Two days after graduating from college, Morgan Hightower began her journalism career in Montgomery, Alabama. Nearly a decade and a few other jobs later, she is proud to be back in Alabama.
Morgan joined WBRC FOX6 News “On Your Side Investigators” in September 2019.
While in Montgomery, Morgan was part of a team that built the newsroom at the ABC affiliate. She was involved in all areas of the newscast, from shooting, writing and editing all her stories, to producing and hosting. Being part of a small team meant that Morgan had the opportunity to cover several big stories, including a federal corruption trial, the State House and most memorably, the deadly tornado outbreak in April 2011. She shared the stories of countless people rebuilding their lives, followed recovery efforts and tracked down lost FEMA payments.
From Montgomery, Morgan moved to Greensboro, North Carolina and worked at the CBS affiliate for five years as a reporter, later promoted to an anchor. While proud of the investigative work she did tracking taxpayer money and holding the powerful accountable, she will never forget the chance she had to cover the 70th anniversary of D-Day in Bedford, Virginia. Morgan rode a bus with dozens of World War II veterans, sharing the stories of how they saved the world. Her station earned an EMMY for its coverage of that memorable day.
Most recently, Morgan has worked as an anchor and reporter in Nashville, Tennessee. She covered crime, corruption and politics. The stories that will have a lasting impact are the heartbreaking mass shootings at a church and Waffle House in Antioch. She anchored for several hours on the days of the tragedies and followed both stories for months, covering the criminal investigations and court cases.
Born and raised in Orlando, Florida, Morgan is a graduate of the University of Florida, but she appreciates the Auburn/Alabama rivalry! She and her husband feel truly blessed to be back in Alabama, the place they met, got married and will now raise their family. They have a young son.
If you have any story ideas for Morgan, please feel free to email her at firstname.lastname@example.org.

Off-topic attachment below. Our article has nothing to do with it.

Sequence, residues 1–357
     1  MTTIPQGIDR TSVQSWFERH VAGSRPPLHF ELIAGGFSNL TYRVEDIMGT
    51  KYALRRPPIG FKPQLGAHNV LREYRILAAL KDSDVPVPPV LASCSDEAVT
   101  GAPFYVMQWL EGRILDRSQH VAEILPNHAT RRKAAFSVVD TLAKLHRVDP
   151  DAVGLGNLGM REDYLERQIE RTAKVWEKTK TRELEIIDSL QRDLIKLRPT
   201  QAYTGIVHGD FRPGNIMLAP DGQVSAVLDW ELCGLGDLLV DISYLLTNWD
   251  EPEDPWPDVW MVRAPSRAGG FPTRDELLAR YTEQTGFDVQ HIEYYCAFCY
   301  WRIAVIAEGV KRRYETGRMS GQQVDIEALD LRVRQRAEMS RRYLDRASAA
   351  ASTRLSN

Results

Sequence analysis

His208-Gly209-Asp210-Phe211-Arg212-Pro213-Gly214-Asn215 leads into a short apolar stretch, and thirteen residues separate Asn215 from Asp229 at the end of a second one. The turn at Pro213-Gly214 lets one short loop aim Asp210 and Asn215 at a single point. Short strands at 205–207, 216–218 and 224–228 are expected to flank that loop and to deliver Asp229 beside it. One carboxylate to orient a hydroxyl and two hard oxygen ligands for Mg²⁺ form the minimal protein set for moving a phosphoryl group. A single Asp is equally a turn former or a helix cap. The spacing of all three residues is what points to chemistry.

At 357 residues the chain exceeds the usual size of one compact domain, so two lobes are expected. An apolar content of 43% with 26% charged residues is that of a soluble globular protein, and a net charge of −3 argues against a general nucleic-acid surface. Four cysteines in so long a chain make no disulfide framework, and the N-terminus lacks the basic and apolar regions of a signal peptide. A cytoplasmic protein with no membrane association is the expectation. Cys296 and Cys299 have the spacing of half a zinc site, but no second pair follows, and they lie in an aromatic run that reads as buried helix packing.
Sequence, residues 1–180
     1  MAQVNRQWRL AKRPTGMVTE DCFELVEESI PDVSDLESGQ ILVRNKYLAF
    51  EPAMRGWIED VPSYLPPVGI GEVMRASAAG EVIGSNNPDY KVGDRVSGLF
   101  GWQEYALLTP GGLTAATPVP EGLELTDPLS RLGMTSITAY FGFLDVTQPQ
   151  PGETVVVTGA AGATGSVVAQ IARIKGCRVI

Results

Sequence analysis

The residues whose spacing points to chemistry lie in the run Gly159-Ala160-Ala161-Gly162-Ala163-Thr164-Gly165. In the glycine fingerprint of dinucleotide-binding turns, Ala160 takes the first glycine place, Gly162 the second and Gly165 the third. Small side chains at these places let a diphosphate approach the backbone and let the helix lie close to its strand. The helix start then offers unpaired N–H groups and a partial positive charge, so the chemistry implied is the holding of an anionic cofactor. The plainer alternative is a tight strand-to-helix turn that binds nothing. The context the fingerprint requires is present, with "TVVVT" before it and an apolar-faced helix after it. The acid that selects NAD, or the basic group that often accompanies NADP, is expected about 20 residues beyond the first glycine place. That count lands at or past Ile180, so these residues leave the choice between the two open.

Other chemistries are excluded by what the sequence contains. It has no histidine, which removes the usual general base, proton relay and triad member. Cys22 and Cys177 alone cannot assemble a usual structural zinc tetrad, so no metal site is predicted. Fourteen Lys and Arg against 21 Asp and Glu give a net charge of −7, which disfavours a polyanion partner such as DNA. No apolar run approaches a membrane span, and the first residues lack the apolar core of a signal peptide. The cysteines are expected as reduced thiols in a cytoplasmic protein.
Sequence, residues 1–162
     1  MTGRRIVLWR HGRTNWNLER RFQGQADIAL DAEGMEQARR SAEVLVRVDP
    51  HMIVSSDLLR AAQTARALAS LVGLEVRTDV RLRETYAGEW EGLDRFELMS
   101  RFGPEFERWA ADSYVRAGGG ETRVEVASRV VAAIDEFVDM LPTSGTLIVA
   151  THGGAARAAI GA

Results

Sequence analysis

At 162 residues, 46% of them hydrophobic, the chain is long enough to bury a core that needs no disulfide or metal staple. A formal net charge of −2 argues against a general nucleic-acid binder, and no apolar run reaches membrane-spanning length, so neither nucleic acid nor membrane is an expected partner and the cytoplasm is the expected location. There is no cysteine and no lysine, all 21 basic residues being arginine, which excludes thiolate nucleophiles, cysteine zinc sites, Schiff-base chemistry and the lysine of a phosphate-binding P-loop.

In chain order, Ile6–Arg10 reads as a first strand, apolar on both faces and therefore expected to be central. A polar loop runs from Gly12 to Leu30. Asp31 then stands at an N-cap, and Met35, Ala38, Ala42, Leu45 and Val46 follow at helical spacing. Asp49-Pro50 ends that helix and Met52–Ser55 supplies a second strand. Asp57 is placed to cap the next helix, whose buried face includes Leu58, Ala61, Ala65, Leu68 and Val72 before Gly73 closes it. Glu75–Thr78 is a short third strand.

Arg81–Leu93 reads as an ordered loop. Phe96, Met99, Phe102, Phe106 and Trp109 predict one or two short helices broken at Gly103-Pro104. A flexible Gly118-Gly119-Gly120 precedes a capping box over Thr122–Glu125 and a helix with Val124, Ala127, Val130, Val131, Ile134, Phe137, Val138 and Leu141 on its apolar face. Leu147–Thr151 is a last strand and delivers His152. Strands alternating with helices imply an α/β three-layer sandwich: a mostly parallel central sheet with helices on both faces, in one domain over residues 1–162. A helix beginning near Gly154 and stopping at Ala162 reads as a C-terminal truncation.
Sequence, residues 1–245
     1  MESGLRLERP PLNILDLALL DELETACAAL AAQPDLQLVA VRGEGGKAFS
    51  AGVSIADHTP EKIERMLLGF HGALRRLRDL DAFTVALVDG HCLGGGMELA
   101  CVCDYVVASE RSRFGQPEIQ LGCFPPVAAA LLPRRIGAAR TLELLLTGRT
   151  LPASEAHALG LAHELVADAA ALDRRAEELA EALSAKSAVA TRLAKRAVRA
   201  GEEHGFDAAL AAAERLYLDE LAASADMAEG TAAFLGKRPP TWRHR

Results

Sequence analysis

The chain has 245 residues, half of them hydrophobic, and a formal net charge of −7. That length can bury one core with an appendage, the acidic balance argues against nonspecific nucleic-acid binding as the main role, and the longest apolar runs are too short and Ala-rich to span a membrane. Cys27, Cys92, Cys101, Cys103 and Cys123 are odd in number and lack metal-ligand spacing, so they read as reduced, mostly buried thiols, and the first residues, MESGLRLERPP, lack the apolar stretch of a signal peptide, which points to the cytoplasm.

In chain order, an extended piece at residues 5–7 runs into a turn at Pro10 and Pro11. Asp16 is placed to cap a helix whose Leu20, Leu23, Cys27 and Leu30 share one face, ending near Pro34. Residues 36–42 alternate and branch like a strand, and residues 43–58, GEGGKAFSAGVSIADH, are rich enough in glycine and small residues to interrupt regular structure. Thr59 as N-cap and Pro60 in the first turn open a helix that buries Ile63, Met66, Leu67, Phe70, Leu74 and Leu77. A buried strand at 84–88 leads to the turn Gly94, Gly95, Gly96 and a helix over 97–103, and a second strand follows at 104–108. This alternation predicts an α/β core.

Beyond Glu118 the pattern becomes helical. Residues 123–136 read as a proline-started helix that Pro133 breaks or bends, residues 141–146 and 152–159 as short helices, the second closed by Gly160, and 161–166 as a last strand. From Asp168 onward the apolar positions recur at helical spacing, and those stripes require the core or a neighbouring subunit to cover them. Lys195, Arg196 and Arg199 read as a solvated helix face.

Following the killing of George Floyd, who died when a now-former Minneapolis Police Officer held his knee to his neck for nearly nine minutes, protestors are calling for, among several things, more training for police officers.
Dr. Dionne- Odom is an infectious disease expert and has been studying COVID-19 and its impact since the pandemic began. Alabama is now averaging around 500 cases of COVID-19 and around 5,000 tests per day, she said.
ADPH is refusing to release the names of the facilities where deaths and infections are occurring, citing privacy concerns, but a federal requirement to report this information will make this information public record.
ADOL launched the online “claim tracker” tool a few weeks ago to allow people to check their claims without calling the inquiry line. After recognizing many people were calling to change their PIN, ADOL upgraded the tracker to where that can be changed online, too.
Other advances in the fight to understand and treat this virus are happening at UAB. Patients have been part of clinical trials and research is ongoing to develop antibody testing and different types of treatments.
At the request of Governor Kay Ivey, each Member of Congress from Alabama formed working groups, with business owners, doctors, CEOs, state lawmakers, mayors and economic advisers and put together recommendations for how and when Alabama can get back to work.